First year MAIS wrap-up

First year MAIS wrap-up

First year MAIS student and HNC student worker Kalina Pateva reflects on her year at the Hopkins-Nanjing Center. 

As the semester comes to a close, I find myself constantly wondering where the time went – the semesters seem to fly by, especially around finals. My first year at the HNC was a turbulent one, and it was honestly nothing like I imagined it would be. For one, due to the ongoing COVID-19 regulations in China, international HNC students were unable to physically attend the HNC campus – this not only meant that all of our classes were online, but also that the international and Chinese cohorts weren’t able to meet. As a result, my academic, extracurricular and social experience was much different than that of other cohorts.

Overall, I feel like I learned a lot in my first year at the Hopkins-Nanjing Center, though semesters 1 and 2 were drastically different from each other. During the first semester, I was spending the entirety of my days, 9:00 – 19:00, or even later, reading articles and studying for class. For the whole semester, I was trying to read everything that was assigned and prepare notes before each class. This was extremely time consuming, as the volume of reading was extremely high and, especially in the beginning, my reading speed was quite slow. However, by the end of the semester I found that my reading speed for academic articles in Mandarin had gotten almost three times faster. Simultaneously, my academic writing improved exponentially – I found that I had subconsciously picked up key phrases, semantics, and other nuances of Chinese academic writing, which made my register sound much more scholarly by the time I was writing full-length final papers. I also found that I amassed a lot of technical knowledge – for the first time, I was able to discuss International Relations theories in Mandarin, I learned a lot of specific mechanisms of international organizations and global governance and was introduced to a wide array of theoretical approaches to social sciences that I can now draw upon if I’m ever reading something that isn’t super familiar.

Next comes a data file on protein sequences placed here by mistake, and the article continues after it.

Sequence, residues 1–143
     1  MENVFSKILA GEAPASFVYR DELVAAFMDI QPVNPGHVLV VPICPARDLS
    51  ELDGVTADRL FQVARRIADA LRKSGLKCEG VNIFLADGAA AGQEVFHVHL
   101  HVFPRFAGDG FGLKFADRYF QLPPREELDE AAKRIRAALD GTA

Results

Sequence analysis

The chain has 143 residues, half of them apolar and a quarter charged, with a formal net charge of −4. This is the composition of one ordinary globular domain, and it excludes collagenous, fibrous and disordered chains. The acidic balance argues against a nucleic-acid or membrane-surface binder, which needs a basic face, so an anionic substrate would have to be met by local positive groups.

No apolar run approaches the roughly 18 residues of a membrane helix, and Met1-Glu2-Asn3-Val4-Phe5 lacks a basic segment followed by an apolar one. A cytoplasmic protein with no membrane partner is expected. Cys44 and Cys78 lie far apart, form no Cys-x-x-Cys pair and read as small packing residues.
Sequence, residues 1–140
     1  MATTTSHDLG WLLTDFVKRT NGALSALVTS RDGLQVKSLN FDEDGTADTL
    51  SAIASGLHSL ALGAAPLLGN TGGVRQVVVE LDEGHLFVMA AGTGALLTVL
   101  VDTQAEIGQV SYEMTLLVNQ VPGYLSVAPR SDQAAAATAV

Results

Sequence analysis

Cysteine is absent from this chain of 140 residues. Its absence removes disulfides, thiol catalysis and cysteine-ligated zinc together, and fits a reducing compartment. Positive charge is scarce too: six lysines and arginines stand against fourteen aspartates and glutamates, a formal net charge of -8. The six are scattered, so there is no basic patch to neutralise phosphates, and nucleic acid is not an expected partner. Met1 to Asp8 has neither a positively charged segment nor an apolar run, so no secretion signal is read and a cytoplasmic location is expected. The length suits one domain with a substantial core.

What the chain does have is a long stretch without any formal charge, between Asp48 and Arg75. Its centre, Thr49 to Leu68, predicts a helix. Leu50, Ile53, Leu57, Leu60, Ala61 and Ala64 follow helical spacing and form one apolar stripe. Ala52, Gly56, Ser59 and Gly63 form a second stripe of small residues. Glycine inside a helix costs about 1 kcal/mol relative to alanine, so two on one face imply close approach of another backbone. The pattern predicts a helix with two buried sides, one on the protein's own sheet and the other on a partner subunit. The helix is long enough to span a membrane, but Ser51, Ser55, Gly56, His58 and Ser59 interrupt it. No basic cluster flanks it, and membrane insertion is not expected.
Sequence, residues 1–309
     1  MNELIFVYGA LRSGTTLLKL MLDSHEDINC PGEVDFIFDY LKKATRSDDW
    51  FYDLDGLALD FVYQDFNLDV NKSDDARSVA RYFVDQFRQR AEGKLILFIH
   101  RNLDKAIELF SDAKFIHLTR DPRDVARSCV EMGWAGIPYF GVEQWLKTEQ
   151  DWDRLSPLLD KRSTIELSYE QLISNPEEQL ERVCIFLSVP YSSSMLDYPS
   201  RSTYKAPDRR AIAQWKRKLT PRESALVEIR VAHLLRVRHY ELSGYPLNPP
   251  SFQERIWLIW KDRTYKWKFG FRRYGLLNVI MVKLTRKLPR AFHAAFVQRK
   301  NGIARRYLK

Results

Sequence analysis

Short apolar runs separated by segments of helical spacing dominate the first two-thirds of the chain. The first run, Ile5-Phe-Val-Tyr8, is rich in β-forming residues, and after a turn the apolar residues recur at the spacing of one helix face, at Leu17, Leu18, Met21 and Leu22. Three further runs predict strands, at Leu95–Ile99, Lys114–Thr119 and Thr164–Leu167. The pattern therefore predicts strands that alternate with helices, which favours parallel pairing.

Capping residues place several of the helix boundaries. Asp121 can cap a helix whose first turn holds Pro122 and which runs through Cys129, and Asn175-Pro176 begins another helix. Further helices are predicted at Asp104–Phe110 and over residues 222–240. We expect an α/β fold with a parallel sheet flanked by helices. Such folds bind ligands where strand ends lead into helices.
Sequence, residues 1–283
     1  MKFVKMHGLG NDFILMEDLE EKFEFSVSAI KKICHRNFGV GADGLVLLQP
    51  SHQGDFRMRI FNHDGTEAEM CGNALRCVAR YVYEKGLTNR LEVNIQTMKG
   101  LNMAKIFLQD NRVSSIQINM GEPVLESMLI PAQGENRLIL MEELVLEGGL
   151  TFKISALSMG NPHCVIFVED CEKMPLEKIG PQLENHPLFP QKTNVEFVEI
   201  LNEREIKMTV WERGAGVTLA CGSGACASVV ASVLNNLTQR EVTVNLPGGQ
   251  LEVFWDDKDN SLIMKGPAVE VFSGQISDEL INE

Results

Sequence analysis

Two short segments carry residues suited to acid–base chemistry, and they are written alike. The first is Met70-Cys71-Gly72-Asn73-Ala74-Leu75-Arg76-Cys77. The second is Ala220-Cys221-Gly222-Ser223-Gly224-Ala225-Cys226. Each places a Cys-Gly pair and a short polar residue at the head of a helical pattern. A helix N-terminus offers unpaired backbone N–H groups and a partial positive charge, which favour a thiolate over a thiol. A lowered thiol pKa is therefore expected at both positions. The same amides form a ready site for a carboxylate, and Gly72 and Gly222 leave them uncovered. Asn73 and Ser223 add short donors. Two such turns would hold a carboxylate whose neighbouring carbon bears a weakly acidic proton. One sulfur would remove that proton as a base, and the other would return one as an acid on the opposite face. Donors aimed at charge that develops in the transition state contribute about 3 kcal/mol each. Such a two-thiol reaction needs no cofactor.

Students in Hua Tao's Ethnic Minorities Class were able to meet his friend 
and fellow professor, who does research on Chinese ethnic minorities at
Taiwan Chengchi University 

Second semester was also stressful, but in a different way. For one, by the spring semester you figure out which readings are the most important, and which parts of readings are worth spending a little time on. Due to the sheer volume of assigned reading, you probably won’t have the time or energy to read everything, and by the second semester it’s much easier to filter out what will be important, and what you can skim through. This can make the reading load much lighter, until it’s time to do your own research for the final papers. For some of us, myself included, second semester offered an opportunity to move to Taipei. This included a mandatory requirement to take 2 classes at Taiwan’s top university, National Taiwan University (NTU). While the grades from these two classes do not appear on your HNC transcript, it’s important to keep up a good rapport with your professors. So, for many of us this meant taking six total classes – 4 HNC and 2 NTU. Even with “easier” classes, this meant that the workload increased dramatically, and I found myself spending even more time preparing for classes – all amidst quarantine, moving, and settling into a brand-new environment. As the semester wraps up, taking more classes means having more finals, so the stress can definitely pile up. However, I was fortunate enough to take classes that also relate to my HNC degree, which gave me the ability to learn about the Taiwanese perspective on China – something I would not have had access to typically.